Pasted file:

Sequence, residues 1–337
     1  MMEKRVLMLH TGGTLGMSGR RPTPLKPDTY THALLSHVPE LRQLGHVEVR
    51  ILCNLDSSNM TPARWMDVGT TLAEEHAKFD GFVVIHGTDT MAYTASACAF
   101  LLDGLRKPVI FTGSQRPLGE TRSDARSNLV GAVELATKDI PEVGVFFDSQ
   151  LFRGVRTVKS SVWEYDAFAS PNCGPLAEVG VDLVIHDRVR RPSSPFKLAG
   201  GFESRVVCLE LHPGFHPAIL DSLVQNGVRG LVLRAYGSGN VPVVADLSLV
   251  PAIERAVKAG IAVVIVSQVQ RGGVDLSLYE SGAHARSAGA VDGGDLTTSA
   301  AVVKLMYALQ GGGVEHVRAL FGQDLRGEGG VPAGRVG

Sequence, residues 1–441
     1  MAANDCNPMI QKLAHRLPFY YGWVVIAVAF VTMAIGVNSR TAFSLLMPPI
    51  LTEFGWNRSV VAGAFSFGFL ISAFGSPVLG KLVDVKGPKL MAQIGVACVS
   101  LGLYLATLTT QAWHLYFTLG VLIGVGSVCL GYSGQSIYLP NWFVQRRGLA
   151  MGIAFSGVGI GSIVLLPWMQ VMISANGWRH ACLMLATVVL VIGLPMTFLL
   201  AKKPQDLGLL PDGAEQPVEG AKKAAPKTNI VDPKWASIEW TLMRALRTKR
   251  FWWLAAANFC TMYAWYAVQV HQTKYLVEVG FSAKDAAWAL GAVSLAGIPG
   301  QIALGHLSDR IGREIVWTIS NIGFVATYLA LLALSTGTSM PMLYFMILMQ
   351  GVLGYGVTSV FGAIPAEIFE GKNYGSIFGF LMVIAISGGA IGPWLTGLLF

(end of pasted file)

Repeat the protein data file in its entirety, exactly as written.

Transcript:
Sequence, residues 1–337
     1  MMEKRVLMLH TGGTLGMSGR RPTPLKPDTY THALLSHVPE LRQLGHVEVR
    51  ILCNLDSSNM TPARWMDVGT TLAEEHAKFD GFVVIHGTDT MAYTASACAF
   101  LLDGLRKPVI FTGSQRPLGE TRSDARSNLV GAVELATKDI PEVGVFFDSQ
   151  LFRGVRTVKS SVWEYDAFAS PNCGPLAEVG VDLVIHDRVR RPSSPFKLAG
   201  GFESRVVCLE LHPGFHPAIL DSLVQNGVRG LVLRAYGSGN VPVVADLSLV
   251  PAIERAVKAG IAVVIVSQVQ RGGVDLSLYE SGAHARSAGA VDGGDLTTSA
   301  AVVKLMYALQ GGGVEHVRAL FGQDLRGEGG VPAGRVG

Sequence, residues 1–441
     1  MAANDCNPMI QKLAHRLPFY YGWVVIAVAF VTMAIGVNSR TAFSLLMPPI
    51  LTEFGWNRSV VAGAFSFGFL ISAFGSPVLG KLVDVKGPKL MAQIGVACVS
   101  LGLYLATLTT QAWHLYFTLG VLIGVGSVCL GYSGQSIYLP NWFVQRRGLA
   151  MGIAFSGVGI GSIVLLPWMQ VMISANGWRH ACLMLATVVL VIGLPMTFLL
   201  AKKPQDLGLL PDGAEQPVEG AKKAAPKTNI VDPKWASIEW TLMRALRTKR
   251  FWWLAAANFC TMYAWYAVQV HQTKYLVEVG FSAKDAAWAL GAVSLAGIPG
   301  QIALGHLSDR IGREIVWTIS NIGFVATYLA LLALSTGTSM PMLYFMILMQ
   351  GVLGYGVTSV FGAIPAEIFE GKNYGSIFGF LMVIAISGGA IGPWLTGLLF